verb (used with object), soothed, sooth·ing.
verb (used without object), soothed, sooth·ing.
Origin of soothe
Examples from the Web for soothed
Her brown-velvet eyes often soothed me, although her eyebrows added to her every demand: “I mean business!”‘Tracing the Blue Light’: Read Chapter 1 of Eileen Cronin’s ‘Mermaid’|Eileen Cronin|April 8, 2014|DAILY BEAST
I also believe the relative quiet on the Palestinian front has soothed Israelis.
She was overcome with guilt, and as she soothed me, she promised herself no harm would ever come to me again.Will Fawzia Koofi Be Afghanistan's First Female President?|Fawzia Koofi|January 6, 2012|DAILY BEAST
But a mere nine months is clearly not enough time to have healed his wounds or soothed his anger.
The singing unnerved Butch as well, but he managed to sit still with his eyes closed, as if soothed by the words and music.
The wonder is that so many fierce antagonisms can be soothed even into an outward quiet.A New Atmosphere|Gail Hamilton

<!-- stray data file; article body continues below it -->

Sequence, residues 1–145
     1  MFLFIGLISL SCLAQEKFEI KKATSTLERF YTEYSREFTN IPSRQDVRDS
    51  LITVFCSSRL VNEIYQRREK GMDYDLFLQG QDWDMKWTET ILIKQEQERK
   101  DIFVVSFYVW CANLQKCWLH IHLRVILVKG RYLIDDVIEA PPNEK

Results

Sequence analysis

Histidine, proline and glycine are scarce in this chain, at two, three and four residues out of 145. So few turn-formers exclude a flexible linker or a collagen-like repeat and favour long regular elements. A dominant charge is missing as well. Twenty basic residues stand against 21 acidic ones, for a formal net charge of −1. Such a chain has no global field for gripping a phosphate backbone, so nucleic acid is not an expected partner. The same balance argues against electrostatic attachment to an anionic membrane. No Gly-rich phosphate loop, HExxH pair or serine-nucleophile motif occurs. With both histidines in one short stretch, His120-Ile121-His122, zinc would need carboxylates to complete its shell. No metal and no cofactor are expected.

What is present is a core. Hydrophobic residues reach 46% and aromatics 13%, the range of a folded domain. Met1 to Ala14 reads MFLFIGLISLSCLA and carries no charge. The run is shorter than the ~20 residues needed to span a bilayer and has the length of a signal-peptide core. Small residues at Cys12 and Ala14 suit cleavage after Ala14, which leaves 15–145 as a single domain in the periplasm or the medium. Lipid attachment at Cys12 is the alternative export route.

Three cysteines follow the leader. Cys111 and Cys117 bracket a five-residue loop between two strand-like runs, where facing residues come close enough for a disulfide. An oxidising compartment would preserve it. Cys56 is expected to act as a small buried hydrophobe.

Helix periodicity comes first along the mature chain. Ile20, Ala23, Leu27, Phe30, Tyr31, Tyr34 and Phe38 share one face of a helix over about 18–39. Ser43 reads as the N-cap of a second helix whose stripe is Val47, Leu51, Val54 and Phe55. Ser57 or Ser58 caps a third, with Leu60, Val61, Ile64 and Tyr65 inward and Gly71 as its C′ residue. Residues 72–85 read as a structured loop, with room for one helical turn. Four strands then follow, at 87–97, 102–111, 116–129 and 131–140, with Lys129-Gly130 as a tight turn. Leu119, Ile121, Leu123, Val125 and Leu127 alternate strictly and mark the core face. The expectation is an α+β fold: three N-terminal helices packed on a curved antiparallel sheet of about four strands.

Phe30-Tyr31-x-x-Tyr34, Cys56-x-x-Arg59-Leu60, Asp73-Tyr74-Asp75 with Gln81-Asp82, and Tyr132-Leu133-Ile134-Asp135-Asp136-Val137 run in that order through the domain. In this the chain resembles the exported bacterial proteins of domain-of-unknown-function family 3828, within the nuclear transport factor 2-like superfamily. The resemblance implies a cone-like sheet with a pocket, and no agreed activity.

The lurking sadness in the air just touched and soothed the lurking sadness in Di's mind.Diana Tempest, Volume II (of 3)|Mary Cholmondeley
He dragged an arm-chair into the garden, and finally went to sleep under the star-lit sky, soothed by the presence of the flowers.August Strindberg, the Spirit of Revolt|L. (Lizzy) Lind-af-Hageby
The doer must suffer,” said the Greeks: “you would soothe a Deity not to be soothed.
He took off his hat and wiped the sweat from his brow; it soothed his burning temples to let the breeze fan them.Timar's Two Worlds|Mr Jkai
Word Origin for soothe
Old English soðian "show to be true," from soð "true" (see sooth). Sense of "quiet, comfort, mollify" is first recorded 1690s, via notion of "to assuage one by asserting that what he says is true" (i.e. to be a yes-man), a sense attested from 1560s (and cf. Old English gesoð "a parasite, flatterer"). Meaning "reduce the intensity" (of a pain, etc.) is from 1711. Related: Soothed; soothing.